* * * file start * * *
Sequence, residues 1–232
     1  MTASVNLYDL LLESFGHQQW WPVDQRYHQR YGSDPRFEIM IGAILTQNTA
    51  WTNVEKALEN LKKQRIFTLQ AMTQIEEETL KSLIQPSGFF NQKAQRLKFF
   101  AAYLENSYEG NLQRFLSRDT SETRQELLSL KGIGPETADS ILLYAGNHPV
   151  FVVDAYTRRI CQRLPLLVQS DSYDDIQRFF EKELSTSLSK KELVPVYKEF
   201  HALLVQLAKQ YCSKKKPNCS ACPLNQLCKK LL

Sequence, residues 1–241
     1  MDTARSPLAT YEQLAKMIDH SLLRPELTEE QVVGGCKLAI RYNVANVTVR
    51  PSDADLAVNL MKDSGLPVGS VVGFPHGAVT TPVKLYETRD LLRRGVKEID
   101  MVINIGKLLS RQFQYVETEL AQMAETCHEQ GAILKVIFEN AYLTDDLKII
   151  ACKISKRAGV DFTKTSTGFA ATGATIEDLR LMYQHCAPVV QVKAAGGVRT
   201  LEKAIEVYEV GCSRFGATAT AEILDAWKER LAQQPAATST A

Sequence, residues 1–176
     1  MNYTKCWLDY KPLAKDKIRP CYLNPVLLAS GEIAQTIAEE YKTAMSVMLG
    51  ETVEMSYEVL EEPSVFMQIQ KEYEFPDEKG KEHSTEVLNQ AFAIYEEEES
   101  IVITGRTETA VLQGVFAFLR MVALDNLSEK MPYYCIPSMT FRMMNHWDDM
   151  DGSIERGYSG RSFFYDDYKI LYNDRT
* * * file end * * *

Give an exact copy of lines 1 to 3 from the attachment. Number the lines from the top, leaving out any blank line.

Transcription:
Sequence, residues 1–232
     1  MTASVNLYDL LLESFGHQQW WPVDQRYHQR YGSDPRFEIM IGAILTQNTA
    51  WTNVEKALEN LKKQRIFTLQ AMTQIEEETL KSLIQPSGFF NQKAQRLKFF